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This eBook from the Gutenberg Project consists of approximately 378 pages of information about The Lands of the Saracen.

On account of the excellence of the material, and the skilful manner of its preparation, the Coffee of the East is the finest in the world.  I have found it so grateful and refreshing a drink, that I can readily pardon the pleasant exaggeration of the Arabic poet, Abd-el Kader Anazari Djezeri Hanbali, the son of Mahomet, who thus celebrates its virtues.  After such an exalted eulogy, my own praises would sound dull and tame; and I therefore resume my pipe, commending Abd-el Kader to the reader.

“O Coffee! thou dispellest the cares of the great; thou bringest back those who wander from the paths of knowledge.  Coffee is the beverage of the people of God, and the cordial of his servants who thirst for wisdom.  When coffee is infused into the bowl, it exhales the odor of musk, and is of the color of ink.  The truth is not known except to the wise, who drink it from the foaming coffee-cup.  God has deprived fools of coffee, who, with invincible obstinacy, condemn it as injurious.

“Coffee is our gold; and in the place of its libations we are in the enjoyment of the best and noblest society.  Coffee is even as innocent a drink as the purest milk, from which it is distinguished only by its color.  Tarry with thy coffee in the place of its preparation, and the good God will hover over thee and participate in his feast.  There the graces of the saloon, the luxury of life, the society of friends, all furnish a picture of the abode of happiness.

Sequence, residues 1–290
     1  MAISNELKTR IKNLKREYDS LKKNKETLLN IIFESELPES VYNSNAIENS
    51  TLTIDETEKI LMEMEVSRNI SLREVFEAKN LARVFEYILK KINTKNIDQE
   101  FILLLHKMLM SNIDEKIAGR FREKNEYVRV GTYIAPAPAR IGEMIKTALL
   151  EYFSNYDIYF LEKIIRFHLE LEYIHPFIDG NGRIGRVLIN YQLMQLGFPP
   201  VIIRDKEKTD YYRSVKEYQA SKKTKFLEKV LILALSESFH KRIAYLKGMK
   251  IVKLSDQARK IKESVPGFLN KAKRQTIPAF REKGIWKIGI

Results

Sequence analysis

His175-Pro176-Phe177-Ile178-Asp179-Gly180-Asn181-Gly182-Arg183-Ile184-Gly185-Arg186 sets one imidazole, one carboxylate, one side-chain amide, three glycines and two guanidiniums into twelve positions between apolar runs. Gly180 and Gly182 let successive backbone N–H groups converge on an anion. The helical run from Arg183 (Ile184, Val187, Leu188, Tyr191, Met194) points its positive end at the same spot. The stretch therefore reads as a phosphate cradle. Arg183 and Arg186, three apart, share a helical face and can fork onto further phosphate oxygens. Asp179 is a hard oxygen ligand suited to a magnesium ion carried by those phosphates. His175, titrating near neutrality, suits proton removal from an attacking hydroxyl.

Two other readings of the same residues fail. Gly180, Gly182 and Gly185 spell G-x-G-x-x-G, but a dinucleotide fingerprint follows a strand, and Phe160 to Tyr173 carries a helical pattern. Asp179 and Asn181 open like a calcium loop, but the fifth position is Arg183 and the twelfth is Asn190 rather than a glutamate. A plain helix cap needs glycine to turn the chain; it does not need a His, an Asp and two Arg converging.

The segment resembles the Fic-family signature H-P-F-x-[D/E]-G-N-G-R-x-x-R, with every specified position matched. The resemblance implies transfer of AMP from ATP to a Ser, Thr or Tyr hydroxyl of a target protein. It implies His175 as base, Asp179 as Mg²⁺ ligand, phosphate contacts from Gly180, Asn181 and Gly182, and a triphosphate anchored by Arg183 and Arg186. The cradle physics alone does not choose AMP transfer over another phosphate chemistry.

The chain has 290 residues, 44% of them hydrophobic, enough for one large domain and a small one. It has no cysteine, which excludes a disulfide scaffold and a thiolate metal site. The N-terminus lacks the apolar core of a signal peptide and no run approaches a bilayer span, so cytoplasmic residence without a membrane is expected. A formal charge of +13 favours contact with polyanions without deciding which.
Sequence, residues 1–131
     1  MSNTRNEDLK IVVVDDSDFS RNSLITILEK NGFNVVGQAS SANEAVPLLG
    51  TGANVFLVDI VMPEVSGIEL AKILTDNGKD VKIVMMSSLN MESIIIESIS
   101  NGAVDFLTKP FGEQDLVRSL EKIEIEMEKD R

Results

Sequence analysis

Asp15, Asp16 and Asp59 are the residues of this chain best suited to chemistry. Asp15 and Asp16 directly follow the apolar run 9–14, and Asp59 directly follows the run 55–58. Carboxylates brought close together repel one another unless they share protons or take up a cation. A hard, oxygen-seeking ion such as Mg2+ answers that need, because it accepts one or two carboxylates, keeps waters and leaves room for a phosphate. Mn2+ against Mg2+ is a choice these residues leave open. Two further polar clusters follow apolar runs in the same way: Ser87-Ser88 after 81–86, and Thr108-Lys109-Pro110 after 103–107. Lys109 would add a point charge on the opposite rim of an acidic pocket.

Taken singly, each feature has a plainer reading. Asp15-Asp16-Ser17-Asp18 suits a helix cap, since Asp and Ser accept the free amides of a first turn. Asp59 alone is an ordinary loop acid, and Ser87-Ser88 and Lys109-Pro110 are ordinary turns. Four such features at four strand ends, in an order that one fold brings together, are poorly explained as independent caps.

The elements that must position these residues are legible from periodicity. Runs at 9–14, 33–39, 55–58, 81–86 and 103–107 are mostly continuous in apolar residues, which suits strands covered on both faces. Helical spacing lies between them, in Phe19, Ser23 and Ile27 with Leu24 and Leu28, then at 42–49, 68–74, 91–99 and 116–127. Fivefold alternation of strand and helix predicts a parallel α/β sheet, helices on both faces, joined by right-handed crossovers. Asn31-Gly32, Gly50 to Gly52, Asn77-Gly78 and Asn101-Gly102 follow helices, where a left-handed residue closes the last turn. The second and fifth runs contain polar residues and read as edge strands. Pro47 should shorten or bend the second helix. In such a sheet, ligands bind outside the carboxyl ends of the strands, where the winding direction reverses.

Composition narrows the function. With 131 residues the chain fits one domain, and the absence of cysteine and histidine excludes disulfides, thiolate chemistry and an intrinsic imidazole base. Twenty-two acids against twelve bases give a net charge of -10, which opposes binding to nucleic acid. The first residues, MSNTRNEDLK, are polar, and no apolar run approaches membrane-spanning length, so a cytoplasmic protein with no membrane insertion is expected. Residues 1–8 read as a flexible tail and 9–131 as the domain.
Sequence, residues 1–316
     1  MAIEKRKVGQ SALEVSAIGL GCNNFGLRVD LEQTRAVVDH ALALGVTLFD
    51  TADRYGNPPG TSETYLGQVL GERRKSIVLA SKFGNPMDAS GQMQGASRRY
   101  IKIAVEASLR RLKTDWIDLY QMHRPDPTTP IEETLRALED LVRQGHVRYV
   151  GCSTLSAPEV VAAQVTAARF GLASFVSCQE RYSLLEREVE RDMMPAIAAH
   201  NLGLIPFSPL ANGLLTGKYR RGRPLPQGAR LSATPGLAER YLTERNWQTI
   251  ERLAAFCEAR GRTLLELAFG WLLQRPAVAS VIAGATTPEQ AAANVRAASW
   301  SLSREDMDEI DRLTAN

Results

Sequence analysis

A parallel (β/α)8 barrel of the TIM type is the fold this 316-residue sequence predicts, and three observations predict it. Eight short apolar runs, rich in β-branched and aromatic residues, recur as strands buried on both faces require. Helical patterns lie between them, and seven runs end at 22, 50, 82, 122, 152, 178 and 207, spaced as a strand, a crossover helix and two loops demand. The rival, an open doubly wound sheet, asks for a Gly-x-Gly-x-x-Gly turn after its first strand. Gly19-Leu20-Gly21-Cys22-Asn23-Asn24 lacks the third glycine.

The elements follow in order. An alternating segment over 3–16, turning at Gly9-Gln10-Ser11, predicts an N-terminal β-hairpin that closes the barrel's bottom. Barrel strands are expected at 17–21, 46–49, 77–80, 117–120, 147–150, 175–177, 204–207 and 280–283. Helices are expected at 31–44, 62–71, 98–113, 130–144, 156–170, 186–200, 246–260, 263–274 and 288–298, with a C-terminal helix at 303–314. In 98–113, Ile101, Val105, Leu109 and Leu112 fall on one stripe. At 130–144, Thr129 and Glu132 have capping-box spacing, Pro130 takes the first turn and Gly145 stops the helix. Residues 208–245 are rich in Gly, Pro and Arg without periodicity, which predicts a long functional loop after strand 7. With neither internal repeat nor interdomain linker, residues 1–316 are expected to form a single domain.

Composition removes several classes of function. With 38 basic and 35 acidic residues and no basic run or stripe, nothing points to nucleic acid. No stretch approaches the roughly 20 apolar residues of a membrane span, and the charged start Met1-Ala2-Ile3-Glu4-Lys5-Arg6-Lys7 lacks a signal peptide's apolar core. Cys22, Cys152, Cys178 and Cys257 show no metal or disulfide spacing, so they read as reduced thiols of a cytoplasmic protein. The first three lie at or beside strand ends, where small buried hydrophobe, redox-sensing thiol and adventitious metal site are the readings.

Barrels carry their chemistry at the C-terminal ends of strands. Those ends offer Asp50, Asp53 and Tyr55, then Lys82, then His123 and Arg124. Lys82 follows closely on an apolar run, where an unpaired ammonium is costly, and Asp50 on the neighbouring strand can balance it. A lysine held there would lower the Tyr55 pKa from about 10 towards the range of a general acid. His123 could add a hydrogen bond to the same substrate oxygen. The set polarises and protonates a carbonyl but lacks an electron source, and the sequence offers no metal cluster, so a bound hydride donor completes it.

“Every care vanishes when the cup-bearer presents the delicious chalice.  It will circulate fleetly through thy veins, and will not rankle there:  if thou doubtest this, contemplate the youth and beauty of those who drink it.  Grief cannot exist where it grows; sorrow humbles itself in obedience before its powers.

“Coffee is the drink of God’s people; in it is health.  Let this be the answer to those who doubt its qualities.  In it we will drown our adversities, and in its fire consume our sorrows.  Whoever has once seen the blissful chalice, will scorn the wine-cup.  Glorious drink! thy color is the seal of purity, and reason proclaims it genuine.  Drink with confidence, and regard not the prattle of fools, who condemn without foundation.”

Chapter XIV.

Journey to Antioch and Aleppo.

Change of Plans—­Routes to Baghdad—­Asia Minor—­We sail from Beyrout—­Yachting on the Syrian Coast—­Tartus and Latakiyeh—­The Coasts of Syria—­The Bay of Suediah—­The Mouth of the Orontes—­Landing—­The Garden of Syria—­Ride to Antioch—­The Modern City—­The Plains of the Orontes—­Remains of the Greek Empire—­The Ancient Road—­The Plain of Keftin—­Approach to Aleppo.

  “The chain is loosed, the sails are spread,
     The living breath is fresh behind,
  As, with dews and sunrise fed,
     Comes the laughing morning wind.”

  Shelley.

Aleppo, Friday, June 4, 1852.

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